The name of Esther Price Candies has meant quality in Cincinnati and Dayton, Ohio, for 90 years, and through the Internet, now nationwide.

By Russ Gager

Home cooking is always best, and that includes home candy-making. So the tried-and-true methods of candy-making employed at Esther Price Candies – which date back to the founder’s home business 90 years ago in Dayton, Ohio – keep customers coming back for more.

“People from here move down to Florida, and all their relatives and friends up here send them our candy, and this happened continuously because Esther Price is one of the things we are noted for in this area and potato chips,” President James Day says. “They still call and order for their friends at Christmastime, and that’s why our mail-order business is so strong.”

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Harvest Market implements a number of sustainable measures to shrink its footprint while continuing to support its communities. 

By Janice Hoppe

Harvest Market takes the better-for-you concept to a new level by focusing not only on what consumers put in their bodies but also on how it can better the environment and communities in which it operates. As Mendocino County, Calif.’s first Certified B Corporation, the company made a commitment to use its business for good and not just a profit.

“Basically, that means that we are not just making a profit,” co-owner and Senior Vice President of Operations Jennifer Bosma says. “It shows that we can make decisions that are not just good for profit, but also about environmentally sustainable measures, supporting the community and provide employees with a fair living wage. Part of that is also carrying a certain amount of organic and non-GMO products.”

B Corps are for-profit companies certified by the nonprofit B Lab to meet rigorous standards of social and environmental performance, accountability and transparency. There are more than 1,400 Certified B Corps in 42 countries and more than 120 industries working together to redefine success in business, B Lab says.

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A signature blend of on-trend apparel at affordable prices has helped Melrose Family Fashions reach its target market.

By Eric Slack

The Melrose Family Fashions story began with a single store in the southern tip of Texas, a 6,000-square-foot location focused on ladies’ apparel. Today, the organization has grown to about 100 stores with a focus that has expanded to the entire family.

“Our stores are now about 10,000 to 12,000 square feet,” CEO Reuben Bar-Yadin says. “We are mostly in Texas but have expanded toward the West Coast. We focus on strip centers and our target audience is what we call the blue collar Hispanic consumer.”

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Launched this year, the new Carry On by Brookstone airport concept store stands to revolutionize the retail experience for the traveling public.

By Eric Slack

The Brookstone name has been synonymous with retail excellence since the company opened its first location in 1973 in Peterborough, N.H. Today, the Merrimack, N.H.-based company continues to strive for retail innovation, including with the recent launch of its Carry On by Brookstone airport store concept.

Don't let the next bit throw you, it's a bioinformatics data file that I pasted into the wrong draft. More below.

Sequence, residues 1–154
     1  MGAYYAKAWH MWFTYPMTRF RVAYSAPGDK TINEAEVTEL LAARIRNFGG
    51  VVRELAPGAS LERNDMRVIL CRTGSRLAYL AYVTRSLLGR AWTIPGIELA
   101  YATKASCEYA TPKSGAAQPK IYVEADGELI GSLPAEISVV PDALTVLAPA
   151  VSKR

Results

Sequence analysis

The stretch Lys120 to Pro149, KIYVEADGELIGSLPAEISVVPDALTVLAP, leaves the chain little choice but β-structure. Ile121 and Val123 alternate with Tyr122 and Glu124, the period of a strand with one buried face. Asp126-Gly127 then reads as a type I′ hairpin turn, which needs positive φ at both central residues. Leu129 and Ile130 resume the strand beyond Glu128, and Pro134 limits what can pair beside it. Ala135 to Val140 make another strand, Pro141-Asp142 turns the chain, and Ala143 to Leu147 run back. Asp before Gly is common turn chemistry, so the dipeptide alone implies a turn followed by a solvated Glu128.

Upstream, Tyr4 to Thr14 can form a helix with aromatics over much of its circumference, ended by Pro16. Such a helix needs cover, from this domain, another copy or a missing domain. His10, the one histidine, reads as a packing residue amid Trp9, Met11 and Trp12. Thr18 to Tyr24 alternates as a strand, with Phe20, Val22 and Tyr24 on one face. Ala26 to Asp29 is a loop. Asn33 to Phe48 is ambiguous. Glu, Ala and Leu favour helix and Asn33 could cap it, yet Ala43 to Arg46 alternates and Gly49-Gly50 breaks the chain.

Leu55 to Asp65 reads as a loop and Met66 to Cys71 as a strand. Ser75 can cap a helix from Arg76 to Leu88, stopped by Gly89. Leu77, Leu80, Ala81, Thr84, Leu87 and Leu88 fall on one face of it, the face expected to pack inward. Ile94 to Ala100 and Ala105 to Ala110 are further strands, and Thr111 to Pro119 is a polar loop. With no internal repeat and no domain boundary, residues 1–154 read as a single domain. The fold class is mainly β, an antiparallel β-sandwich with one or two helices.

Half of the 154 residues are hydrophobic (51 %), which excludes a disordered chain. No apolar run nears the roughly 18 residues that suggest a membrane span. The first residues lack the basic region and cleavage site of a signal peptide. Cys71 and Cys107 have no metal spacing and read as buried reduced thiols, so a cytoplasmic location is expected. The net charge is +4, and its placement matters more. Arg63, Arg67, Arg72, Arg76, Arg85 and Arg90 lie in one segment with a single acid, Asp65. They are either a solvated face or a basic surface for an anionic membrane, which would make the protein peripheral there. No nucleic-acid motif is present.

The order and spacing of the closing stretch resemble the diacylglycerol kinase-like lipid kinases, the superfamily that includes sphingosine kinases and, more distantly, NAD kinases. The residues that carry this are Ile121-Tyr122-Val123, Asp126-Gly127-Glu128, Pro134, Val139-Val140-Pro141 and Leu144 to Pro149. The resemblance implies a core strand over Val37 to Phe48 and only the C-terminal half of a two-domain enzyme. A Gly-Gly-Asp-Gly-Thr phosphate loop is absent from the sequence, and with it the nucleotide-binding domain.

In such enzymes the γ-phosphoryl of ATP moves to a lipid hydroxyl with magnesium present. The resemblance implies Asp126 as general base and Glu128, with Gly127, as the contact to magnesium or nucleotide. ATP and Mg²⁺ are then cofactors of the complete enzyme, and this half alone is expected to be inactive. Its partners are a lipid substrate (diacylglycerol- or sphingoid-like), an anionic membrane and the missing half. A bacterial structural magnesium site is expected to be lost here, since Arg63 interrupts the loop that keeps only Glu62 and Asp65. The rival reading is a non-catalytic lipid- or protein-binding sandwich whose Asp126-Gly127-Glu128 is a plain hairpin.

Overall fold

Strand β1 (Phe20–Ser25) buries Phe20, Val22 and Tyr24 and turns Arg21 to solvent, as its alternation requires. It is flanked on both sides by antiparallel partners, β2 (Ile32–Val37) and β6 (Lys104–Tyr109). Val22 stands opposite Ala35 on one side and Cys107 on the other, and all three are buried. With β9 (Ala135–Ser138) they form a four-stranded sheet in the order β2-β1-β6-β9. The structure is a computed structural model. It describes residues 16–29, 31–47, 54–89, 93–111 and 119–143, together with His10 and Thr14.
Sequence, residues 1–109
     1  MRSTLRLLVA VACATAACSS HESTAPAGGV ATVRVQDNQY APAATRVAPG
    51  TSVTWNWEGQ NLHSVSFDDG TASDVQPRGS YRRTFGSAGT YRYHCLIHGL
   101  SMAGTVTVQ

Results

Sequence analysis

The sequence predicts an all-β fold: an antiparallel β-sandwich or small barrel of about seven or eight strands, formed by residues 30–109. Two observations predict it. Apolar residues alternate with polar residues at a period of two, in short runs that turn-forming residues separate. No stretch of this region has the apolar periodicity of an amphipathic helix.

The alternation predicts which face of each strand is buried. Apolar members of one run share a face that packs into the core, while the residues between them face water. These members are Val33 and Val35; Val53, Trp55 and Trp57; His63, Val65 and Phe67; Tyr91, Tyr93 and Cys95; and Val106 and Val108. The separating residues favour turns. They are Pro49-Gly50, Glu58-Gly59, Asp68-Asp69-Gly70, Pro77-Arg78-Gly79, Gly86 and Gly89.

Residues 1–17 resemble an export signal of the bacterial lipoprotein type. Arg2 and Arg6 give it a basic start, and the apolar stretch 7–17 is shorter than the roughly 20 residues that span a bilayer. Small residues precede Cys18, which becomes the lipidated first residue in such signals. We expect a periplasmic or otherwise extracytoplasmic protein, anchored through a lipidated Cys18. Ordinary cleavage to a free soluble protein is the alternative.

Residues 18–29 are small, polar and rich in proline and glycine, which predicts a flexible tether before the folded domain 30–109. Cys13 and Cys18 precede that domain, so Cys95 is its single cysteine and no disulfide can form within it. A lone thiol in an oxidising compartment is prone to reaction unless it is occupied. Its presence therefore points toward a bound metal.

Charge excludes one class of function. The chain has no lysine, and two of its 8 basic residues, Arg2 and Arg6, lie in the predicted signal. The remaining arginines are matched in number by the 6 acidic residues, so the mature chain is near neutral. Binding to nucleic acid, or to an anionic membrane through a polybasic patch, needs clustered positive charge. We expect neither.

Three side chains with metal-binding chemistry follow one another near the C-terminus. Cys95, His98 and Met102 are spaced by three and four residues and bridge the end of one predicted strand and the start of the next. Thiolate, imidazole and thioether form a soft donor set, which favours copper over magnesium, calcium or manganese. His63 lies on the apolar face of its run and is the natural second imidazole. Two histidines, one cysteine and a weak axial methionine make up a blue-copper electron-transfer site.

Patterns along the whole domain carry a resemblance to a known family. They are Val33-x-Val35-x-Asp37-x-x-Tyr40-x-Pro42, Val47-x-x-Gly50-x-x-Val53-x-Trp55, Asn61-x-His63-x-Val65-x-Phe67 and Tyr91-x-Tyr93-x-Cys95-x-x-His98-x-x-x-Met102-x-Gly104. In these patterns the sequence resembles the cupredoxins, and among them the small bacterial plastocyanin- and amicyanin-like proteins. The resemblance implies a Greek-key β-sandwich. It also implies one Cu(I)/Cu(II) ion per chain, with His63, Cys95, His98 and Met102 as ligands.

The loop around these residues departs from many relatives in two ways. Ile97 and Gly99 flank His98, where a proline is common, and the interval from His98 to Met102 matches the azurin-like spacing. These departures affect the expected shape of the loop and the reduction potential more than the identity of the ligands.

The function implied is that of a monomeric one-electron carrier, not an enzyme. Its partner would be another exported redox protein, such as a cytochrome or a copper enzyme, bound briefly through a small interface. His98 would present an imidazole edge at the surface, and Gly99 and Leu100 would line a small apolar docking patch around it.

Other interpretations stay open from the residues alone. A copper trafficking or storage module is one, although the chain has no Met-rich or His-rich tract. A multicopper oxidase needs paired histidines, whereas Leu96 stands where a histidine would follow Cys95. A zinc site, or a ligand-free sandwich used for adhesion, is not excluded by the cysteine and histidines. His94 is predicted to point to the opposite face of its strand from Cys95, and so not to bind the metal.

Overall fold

“For years, Brookstone has had particular success serving both business and leisure travelers in our airport stores,” CEO Tom Via says. “They’ve come to rely on us for travel electronics, travel pillows and blankets, and the ever-important take-home gift. Brookstone airport stores were so successful for us that we simply wanted more of them. As a new store concept, Carry On gives us a great way to offer customers an even more specialized travel assortment that we just couldn’t fit inside our Brookstone stores. Plus it gives us a way to open more stores in airports where we already do business.”


S&R Quisberg provides its customers with a full selection of products in Minnesota’s north woods in its branded grocery stores and gasoline stations.

By Russ Gager

Chris Quisberg’s grandfather started in the grocery business in Minneapolis around 1956, but later sold the business and opened grocery stores in Minnesota’s north woods. “My guess would be my grandfather didn’t want to retire, and my dad, Steve, wanted to be in the grocery business,” Quisberg surmises. “Somebody came along and offered him a deal, and it was good enough money. My dad always says everything is for sale for a price.”

Quisberg himself – now president of S&R Quisberg, headquartered in Baxter, Minn. – started working in the family’s grocery business when he was 12 years old. “I’ve never had a different job in my life, so I don’t know if I’m missing anything,” Quisberg concedes.

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Shikatani Lacroix Design Inc. relies on a deep understanding of consumer behaviors to assist its clients.

By Bob Rakow

For Shikatani Lacroix Design Inc., it’s all about the moment of purchase. The Toronto-based strategic design agency delivers branding solutions that “strike an emotive chord with consumers,” founder and President Jean-Pierre Lacroix says.

Shikatani Lacroix believes that a brand must capture a consumer’s imagination and heart at the moment of purchase. Yet that opportunity is fleeting. The agency’s goal is to help companies capture it, Lacroix says. Shikatani Lacroix works with clients to increase traffic, generate sales, boost monthly transactions or shift brand perceptions, Lacroix says. The agency offers a variety of services including brand strategy and engagement, corporate identity, design innovation, digital experiences, environmental design, naming, packaging design and place branding.


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